<Output truncated>
http://administrator:velmiDl0uh3aB3zpecneH3s10@192.168.1.1/favicon.ico
<Output truncated>

root@debian1989:~/web_browser_profile1hysdb7q.default/# echo -n 'velmiDl0uh3aB3zpecneH3s10' | sha1sum
2284b4bc84941ba29f2e4565483c8ec5d143ec28

5. Find the flag inside core dump file in /root directory

root@debian1989:/opt/tools/volatility-2.4# strings /root/core.watch.xx

There is the string ca6f99804a29c7979ae0155e01a61cb622d9213e inside the file which is the flag.

root@debian1989:/opt/tools/volatility-2.4# echo -n ca6f99804a29c7979ae0155e01a61cb622d9213e | sha1sum
eaef2ac12f4e48d69eb68fa5c6a710e54ebdc9f7

6. Find a hidden flag inside animated GIF from /root folder

root@debian1989:~# strings homer1.gif
<Output truncated>
6f77ac81e69a136a3141a30917b2781e04cfd4b1
flag.txtUT
eM+Wux

The flag is 6f77ac81e69a136a3141a30917b2781e04cfd4b1.

root@debian1989:~# echo -n '6f77ac81e69a136a3141a30917b2781e04cfd4b1' | sha1sum
6c9d2f2d70b6a7724cfc787a647fd77b92995f5b

7. In the packet capture located at /root/icmp.pcap, what is the most likely reason that one of the nodes isn't getting replies from the queried host? - wrong ttl, incorrect mac address, icmp destination port, bad checksum

Incorrect MAC address for host 10.0.2.2 (default gw) 52:54:11:af:cc:92. The correct MAC address for the host 10.0.2.2 should be 52:54:00:12:35:02.

kassad@debian1989:~$ echo -n 'incorrect mac address' | sha1sum
2bd71159233742ecd6f8a6002a64e7919aedaa10

8. What process is listening on tcp/4444? Enter the full path of the executable as the answer

First find the name and PID of process.

root@debian1989:/home/kassad# ps -auxew | grep 4444 | grep -v grep
nobody 2300 0.0 0.1 20616 1992 ? S 22:16 0:00 ncat --send-only -l -k 127.0.0.1 4444 HOME=/nonexistent LOGNAME=nobody PATH=/usr/local/sbin:/usr/local/bin:/sbin:/bin:/usr/sbin:/usr/bin LANG=en_US.UTF-8 SHELL=/bin/sh PWD=/var/spool/cron

The script starting ncat is running wit PID 2300. Utility ncat is listening on port 4444. The last line of the /etc/crontab tells us that every minute, the check is done if the process with the name local-service is running. If not, the script /usr/local/bin/local-service.sh is started.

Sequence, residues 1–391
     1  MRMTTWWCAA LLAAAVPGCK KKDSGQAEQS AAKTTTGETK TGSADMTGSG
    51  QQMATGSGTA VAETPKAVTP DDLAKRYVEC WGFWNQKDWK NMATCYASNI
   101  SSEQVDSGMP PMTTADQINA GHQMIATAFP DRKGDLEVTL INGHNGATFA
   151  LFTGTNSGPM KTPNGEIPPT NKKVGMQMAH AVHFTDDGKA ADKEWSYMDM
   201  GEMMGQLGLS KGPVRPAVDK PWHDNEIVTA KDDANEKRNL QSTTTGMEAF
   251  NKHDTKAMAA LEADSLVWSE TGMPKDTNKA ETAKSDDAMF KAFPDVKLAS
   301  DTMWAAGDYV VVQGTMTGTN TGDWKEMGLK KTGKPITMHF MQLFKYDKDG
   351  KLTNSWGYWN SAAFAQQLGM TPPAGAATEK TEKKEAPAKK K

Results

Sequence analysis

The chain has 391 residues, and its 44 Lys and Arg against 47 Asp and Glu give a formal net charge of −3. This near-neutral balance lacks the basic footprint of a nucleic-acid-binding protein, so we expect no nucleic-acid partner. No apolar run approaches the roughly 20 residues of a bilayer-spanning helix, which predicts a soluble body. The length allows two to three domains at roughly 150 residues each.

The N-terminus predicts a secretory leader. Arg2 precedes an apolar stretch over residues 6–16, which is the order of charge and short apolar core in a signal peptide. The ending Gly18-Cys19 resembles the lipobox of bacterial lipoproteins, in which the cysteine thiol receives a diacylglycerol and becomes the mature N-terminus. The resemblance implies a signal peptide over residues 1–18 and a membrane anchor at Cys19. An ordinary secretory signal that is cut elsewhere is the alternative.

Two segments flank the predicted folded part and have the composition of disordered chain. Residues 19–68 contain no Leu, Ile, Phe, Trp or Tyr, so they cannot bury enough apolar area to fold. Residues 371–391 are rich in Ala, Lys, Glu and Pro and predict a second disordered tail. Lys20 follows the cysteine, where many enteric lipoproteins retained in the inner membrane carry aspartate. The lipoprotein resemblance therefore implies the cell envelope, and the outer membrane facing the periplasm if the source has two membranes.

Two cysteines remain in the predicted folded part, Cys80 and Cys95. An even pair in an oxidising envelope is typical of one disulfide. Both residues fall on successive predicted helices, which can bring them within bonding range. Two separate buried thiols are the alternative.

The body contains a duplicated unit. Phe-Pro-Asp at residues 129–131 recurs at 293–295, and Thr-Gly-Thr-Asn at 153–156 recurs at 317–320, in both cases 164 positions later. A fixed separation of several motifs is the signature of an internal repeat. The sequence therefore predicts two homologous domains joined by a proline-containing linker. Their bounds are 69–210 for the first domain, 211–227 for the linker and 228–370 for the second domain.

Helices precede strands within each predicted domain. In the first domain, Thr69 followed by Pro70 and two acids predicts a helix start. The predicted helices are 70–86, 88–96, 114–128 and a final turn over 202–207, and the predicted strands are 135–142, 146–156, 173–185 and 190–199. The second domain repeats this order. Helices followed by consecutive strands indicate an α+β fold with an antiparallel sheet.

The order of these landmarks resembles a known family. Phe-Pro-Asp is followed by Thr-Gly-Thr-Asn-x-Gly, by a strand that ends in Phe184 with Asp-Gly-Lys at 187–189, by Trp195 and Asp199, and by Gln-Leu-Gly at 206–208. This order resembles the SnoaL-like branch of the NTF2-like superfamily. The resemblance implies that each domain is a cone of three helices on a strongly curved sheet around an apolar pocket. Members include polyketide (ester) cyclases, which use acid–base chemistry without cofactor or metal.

root@debian1989:/home/kassad# tail -1 /etc/crontab
* * * * * nobody pgrep local-service || /usr/local/bin/local-service.sh

The script local-service.sh is responsible for 'keeping ncat listening on port 44444'. It loops checking if the number 4444 can be found in the process. If not it starts ncat binary.

root@debian1989:/home/kassad# cat /usr/local/bin/local-service.sh
#!/bin/sh
#in courtesy of sans.org, I hate to reinvent a wheel

while true; do lsof -i | grep ":4444" || cat /etc/motd | ncat --send-only -l -k 127.0.0.1 4444; done

In fact, they are two ncat binaries in the path.

root@debian1989:/home/kassad# whereis ncat
ncat: /usr/bin/ncat /usr/local/bin/ncat /usr/share/man/man1/ncat.1.gz

The find out an absolute path to binary ncat which is listening on TCP port 4444 we use the command:

root@debian1989:/home/kassad# readlink  /proc/2300/exe
/usr/local/bin/ncat

root@debian1989:/home/kassad# echo -n '/usr/local/bin/ncat' | sha1sum
4498850f38ab1be0a9a16b79df17a280a39f7c04

9. In C program, /root/program.o, which of the expected arguments can trigger heap buffer overflow – none, first, second, third

root@debian1989:~# /root/program.o 

If the argument 1 exceeds the certain length of characters,  binary crashes.

root@debian1989:~# echo -n 'first' | sha1sum
e0996a37c13d44c3b06074939d43fa3759bd32c1

End of level 2.